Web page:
When I uploaded my cooking pictures, this one came with, and I figured it added some nice variety. My adorable niece does look surprised to be here on this blog. Butternut Squash risotto is the dish I made to go with my pork roast for my sister's birthday. My other sister is a vegetarian so this works as a side or main dish, I did substitute vegetable broth for chicken broth. This is from the Everyday Food Light cookbook I got the pork roast recipe from as well. I will say this recipe does not give a good idea of how long it will take to cook. It says one hour, but I took over an hour, almost two hours just on cooking. My sister says that my problem was that the heat was too low, but I cooked it on two different stoves so it was hard to adjust.
3 cans low sodium chicken broth
3/4 cup water (or more)
1 tbl unsalted butter
2 lbs butternut squash,
coarse salt and pepper
1 1/2 c arborio rice
3/4 c white wine
grated Parmesan cheese
1 1/2 tbs chopped fresh sage
Earlier in the day, well before the party was supposed to start, I got to work on the prep--I had two butternut squashes from my work--we'd used them as fall decorations and they'd just come down after Thanksgiving. I pealed and diced both, though only used one and a half for this recipe--the rest I used in my black bean and butternut squash toastadas. Since this was early in my day of cooking, I was taking a lot of pictures. When it got hectic I took fewer pictures--harder to take pictures and stir!
With all the prep done in advance, I was able to get right to work. In a small pan, I heated up the broth and water and set to simmer with the lid on--this is the liquid to add to the rice. I've never made risotto before, but I watch food TV so I understand the theory behind the dish. In a big pot I melted the putter and added the squash, stirring it until it had just started softening on the edges. I seasoned it with salt and pepper. Once that had started to cook, I stirred the rice in and cooked until it had taken off some of the white color and become a little translucent around the edges. I was supposed to add the wine at this point, but forgot and went straight to adding broth a half cup at a time. After each cup I added, I stirred until it absorbed most of the liquid and then repeated for a long time. I did eventually remember to add the wine, but not until later.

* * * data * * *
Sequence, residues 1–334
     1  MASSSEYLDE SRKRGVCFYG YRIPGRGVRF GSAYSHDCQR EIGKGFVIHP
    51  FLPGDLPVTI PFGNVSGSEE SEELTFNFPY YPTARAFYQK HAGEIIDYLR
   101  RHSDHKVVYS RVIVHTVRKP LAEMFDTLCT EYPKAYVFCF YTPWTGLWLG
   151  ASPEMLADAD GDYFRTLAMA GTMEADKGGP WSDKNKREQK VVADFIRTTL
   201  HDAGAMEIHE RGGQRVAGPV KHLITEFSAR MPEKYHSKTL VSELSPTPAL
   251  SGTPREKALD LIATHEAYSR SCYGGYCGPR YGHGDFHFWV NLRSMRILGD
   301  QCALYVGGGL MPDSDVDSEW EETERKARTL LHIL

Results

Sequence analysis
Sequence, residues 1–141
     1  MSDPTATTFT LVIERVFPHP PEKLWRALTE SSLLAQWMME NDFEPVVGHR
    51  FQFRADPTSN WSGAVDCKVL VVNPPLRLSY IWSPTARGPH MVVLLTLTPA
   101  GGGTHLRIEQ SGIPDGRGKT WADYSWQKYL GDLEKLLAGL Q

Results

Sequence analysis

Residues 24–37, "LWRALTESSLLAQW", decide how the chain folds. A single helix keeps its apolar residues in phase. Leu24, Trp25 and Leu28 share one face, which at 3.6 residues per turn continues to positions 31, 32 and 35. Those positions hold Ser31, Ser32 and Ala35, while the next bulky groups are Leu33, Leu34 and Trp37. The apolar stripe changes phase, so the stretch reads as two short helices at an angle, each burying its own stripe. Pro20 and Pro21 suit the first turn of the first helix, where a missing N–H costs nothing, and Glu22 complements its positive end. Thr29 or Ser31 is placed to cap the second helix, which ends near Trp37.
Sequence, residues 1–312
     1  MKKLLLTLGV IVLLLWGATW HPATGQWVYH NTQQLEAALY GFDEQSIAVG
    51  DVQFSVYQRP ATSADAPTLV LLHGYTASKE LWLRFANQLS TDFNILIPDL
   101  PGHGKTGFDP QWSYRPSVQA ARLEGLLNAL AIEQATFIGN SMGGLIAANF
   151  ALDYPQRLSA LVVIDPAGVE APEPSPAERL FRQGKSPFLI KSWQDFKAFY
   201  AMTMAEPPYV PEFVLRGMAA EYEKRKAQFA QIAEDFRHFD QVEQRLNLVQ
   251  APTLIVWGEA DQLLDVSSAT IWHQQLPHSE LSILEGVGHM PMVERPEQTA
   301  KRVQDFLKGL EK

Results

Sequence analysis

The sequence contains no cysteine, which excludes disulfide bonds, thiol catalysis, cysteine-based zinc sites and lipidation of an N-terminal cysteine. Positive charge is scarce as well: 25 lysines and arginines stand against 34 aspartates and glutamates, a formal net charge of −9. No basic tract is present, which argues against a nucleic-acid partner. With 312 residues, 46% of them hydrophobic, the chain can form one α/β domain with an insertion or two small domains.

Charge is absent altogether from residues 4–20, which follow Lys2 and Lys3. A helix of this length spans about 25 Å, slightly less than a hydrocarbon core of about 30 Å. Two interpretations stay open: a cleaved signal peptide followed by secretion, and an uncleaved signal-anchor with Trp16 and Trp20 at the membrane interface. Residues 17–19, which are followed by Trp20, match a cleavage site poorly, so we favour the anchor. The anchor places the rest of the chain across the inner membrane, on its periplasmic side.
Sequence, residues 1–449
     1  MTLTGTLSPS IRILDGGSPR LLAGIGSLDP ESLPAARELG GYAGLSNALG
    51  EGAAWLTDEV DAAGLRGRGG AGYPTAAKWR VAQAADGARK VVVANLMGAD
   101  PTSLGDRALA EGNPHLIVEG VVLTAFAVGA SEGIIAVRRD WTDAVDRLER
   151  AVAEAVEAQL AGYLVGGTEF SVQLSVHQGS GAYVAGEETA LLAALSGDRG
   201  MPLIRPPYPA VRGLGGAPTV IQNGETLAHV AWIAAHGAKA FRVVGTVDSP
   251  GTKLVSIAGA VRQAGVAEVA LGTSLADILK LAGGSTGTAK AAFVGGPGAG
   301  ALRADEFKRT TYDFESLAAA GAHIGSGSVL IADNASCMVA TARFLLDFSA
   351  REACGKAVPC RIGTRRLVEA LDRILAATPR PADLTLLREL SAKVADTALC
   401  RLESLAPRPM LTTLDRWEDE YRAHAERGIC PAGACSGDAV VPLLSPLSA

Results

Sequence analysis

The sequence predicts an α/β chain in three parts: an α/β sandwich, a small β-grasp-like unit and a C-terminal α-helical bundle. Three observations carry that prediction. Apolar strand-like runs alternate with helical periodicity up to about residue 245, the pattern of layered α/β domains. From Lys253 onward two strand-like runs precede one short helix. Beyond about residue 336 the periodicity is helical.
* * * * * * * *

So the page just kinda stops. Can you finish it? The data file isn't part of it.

Midway in the cooking I moved the pans and spoon to my sisters house and continued stirring. I had to heat some water to keep adding, and the rice wasn't softening. My sister has a gas stove and I probably didn't have it high enough. Once I'd finally gotten it to a good place, my sisters helped me salt it--they added WAY more salt than I would have, but it did bring out the flavor. The grated parm was stirred in with the chopped sage, and topped with more fresh parm and sage. I didn't get a picture of the final product until after dinner--there were leftovers, but they were so good!
Verdict: A lot of stirring made me wonder if it was worth it--sure it was creamy, rich, and delicious, but I started at 4 and it wasn't ready until after 6. Most of that time was spent stirring. By the time the rice was done, the squash had really cooked down to a more broken down state than pictured in the book. I liked it, because it made it more creamy without adding more than the initial butter and the parm cheese. Maybe I'll try again on a higher heat and see if it takes less time. We did get my older niece to try some--she particularly liked saying the name--ri--so-T-oh.
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